Heavyweight Vyacheslav "Czar" Glazkov, who won an Olympic bronze medal for Ukraine in the 2008 Beijing Games, arrived in New York from his home country on Feb. 21 to finish preparing for his next fight.
Of course, Glazkov also had his mind on the recent turmoil and political unrest that has engulfed his country and put it on the brink of a civil war. But Glazkov is trying to stay focused on the most significant fight of his career when he faces top contender Tomasz Adamek in a scheduled 12-round elimination bout on Saturday night at Sands Resort and Casino in Bethlehem, Pa.
The winner of the fight will earn the No. 2 ranking in one of the sanctioning organizations and move a step closer to becoming one of champion Wladimir Klitschko's mandatory challengers.
"Of course, I am always looking and always searching what is going on in my country," said Glazkov, who did the final few weeks of his training in Brooklyn, N.Y. "[Ukraine] is my country and my family is there. And, of course, I am concerned and worried about it. And I hope that politics is going to stop soon and people are not going to be fighting."
He'd rather they leave the fighting to him.
The 29-year-old Glazkov, who is 6-foot-3 and 222 pounds, has moved quickly since turning pro in mid-2009, following the disappointment of his Olympic experience. Though he received a medal, he was forced to withdraw from the semifinals against China's Zhang Zhilei (who signed a pro contract this week) -- a fighter he had already beaten twice in the amateurs -- due to a shoulder injury.
In December 2012, Glazkov stepped up in competition to face Tor Hamer and made him quit after four rounds. Glazkov followed that win with a split draw against then-undefeated Malik Scott 13 months ago.
Although the bout was ruled a draw, many believed Scott had done more than enough to deserve the decision. Even Glazkov seemed to agree, even though he didn't say that outright.
"After the bout with Malik Scott, me and my trainer [Eduard Menshekov] went over it and we found some mistakes with it in our preparation for the fight," Glazkov said. "Also, during the fight I was too tight, I couldn't throw my punches the right way and properly. So I got some experience and it's a very good thing it happened to me."
Glazkov (16-0-1, 11 KOs) bounced back from the draw with a second-round knockout of journeyman Byron Polley in a stay-busy fight in August, setting him up to face Adamek, a former cruiserweight and light heavyweight titleholder, on Nov. 16 in Verona, N.Y. However, Adamek came down with a stomach bug and dropped out three days before the fight. Glazkov wound up facing late substitute Garrett Wilson instead and rolled to a dominant 10-round decision victory.
The fight with Adamek (49-2, 29 KOs), 37, a native of Poland living in Jersey City, N.J., was quickly rescheduled and Glazkov hasn't given Adamek any grief for postponing the bout.
"I don't think Tomasz was playing any kind of game," Glazkov said. "He's an experienced fighter. He's not scared. He knows exactly what he is doing and he is like everybody else -- he can get sick or have something wrong with their health. So, personally, I don't think he was playing some kind of tricks."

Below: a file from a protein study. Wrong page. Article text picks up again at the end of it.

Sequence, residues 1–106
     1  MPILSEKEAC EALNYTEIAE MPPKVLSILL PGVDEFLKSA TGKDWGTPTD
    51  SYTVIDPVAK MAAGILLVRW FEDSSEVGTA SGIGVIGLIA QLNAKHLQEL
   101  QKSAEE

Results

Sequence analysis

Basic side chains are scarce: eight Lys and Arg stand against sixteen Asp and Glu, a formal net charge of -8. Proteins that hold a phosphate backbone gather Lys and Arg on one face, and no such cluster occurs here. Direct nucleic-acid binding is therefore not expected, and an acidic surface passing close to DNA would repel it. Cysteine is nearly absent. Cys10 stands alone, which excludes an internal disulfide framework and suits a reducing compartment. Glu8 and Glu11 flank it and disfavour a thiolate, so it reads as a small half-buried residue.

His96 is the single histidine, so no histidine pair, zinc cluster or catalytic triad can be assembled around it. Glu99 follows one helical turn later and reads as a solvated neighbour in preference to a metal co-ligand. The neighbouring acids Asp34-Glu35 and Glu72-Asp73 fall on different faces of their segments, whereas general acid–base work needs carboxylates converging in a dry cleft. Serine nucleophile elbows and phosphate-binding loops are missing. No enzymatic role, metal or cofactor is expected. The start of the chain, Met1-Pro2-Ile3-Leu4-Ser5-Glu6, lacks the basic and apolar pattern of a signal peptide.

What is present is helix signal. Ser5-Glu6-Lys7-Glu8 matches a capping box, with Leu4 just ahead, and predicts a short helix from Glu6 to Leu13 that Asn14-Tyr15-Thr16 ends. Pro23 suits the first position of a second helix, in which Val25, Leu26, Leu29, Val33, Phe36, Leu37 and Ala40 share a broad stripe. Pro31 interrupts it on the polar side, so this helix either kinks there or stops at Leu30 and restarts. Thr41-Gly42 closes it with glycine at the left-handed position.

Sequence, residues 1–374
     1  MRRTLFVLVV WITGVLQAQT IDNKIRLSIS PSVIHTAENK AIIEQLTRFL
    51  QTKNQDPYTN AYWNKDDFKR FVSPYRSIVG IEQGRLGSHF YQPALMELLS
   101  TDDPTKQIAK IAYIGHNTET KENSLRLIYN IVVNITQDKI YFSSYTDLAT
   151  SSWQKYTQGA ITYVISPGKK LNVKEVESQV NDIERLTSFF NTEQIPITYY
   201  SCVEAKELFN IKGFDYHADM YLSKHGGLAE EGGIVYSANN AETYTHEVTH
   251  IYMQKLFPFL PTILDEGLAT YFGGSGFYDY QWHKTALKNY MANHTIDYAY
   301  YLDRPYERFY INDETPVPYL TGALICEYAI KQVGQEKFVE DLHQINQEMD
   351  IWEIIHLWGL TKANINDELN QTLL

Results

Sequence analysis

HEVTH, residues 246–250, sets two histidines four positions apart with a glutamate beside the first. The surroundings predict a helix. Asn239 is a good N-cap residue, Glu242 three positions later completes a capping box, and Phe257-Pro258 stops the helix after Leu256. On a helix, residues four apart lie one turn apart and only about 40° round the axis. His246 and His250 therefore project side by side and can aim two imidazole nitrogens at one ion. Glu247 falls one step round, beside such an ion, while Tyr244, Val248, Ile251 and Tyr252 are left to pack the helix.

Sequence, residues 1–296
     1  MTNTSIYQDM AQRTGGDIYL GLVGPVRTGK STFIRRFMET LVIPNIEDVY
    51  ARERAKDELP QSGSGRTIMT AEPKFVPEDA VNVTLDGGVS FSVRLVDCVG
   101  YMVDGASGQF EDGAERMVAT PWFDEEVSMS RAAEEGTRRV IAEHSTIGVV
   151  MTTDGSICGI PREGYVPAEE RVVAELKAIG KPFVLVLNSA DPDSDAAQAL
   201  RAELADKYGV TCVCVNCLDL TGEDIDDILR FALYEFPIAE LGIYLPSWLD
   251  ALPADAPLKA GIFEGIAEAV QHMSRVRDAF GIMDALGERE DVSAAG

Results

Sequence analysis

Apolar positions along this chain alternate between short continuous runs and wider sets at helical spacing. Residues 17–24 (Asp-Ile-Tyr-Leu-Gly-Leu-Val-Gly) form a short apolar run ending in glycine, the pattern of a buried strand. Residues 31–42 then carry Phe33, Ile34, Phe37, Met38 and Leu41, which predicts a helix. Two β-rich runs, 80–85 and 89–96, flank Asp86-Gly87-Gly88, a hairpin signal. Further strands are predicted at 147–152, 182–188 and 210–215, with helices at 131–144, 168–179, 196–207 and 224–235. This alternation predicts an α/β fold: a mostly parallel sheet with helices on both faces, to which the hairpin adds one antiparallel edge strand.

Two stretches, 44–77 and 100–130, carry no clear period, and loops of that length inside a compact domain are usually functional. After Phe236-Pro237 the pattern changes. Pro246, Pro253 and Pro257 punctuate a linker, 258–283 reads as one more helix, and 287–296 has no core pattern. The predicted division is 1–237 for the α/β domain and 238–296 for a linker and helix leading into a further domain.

In the scheduled 10-round light heavyweight co-feature, Isaac Chilemba (21-2-2, 9 KOs) of South Africa will face San Diego-based Russian Denis Grachev (13-2-1, 8 KOs) in a fight between fringe contenders.
Glazkov and Adamek are familiar with each other having been in the ring with each other many times. When Adamek was training for a fight last August against Tony Grano -- who got injured, dropped out and was replaced by Dominick Guinn -- Glazkov served as Adamek's main sparring partner.
Glazkov was training for the fight with Polley, which was on Adamek's undercard.
They spent six weeks working together regularly. Neither man, however, believes all that time in the ring together is going to have any particular meaning come fight time.
"I think we are on equal grounds here since I sparred with him," Glazkov said. "He also sparred with me. So whatever I have learned about him, I am sure he learned about me, as well. [But] I don't see any other way to come into the ring than with confidence that I am going to win the fight. There is no other way for me."
Said Adamek, whose only heavyweight title fight ended in a 10th-round knockout loss challenging then-titleholder Vitali Klitschko in 2011 in Poland: "My opinion is sparring is sparring, the fight is a different story. [In the fight] you have small gloves, no head gear and millions of people in the world watching you. It's a different game. I'm looking not for what was, but what is in the future. The fight is important, I want to show my class, my experience and win this fight."
One of the reasons they sparred together was because it was easy for their promoter, Main Events, to facilitate. But now that they are going to face each other, it has put Main Events chief executive Kathy Duva in a difficult spot.
Unlike some bigger promotional companies that match their fighters all the time, Duva's company is a lot smaller and she doesn't like doing it.
"I hate putting two of our fighters against each other," she said. "I feel like Archie Manning when the Giants play the Broncos [pitting quarterback brothers Eli and Peyton against each other]. But we made this fight because it's the right fight for both guys and it will be fantastic in the ring. I won't enjoy it but the fans at the Sands and the fans watching on NBCSN will see a great fight.
"It's the kind of fight where I'm just going to root for it to be fight of the year because I really can't root for either fighter. I'm rooting for the fans. I'm rooting for a great fight."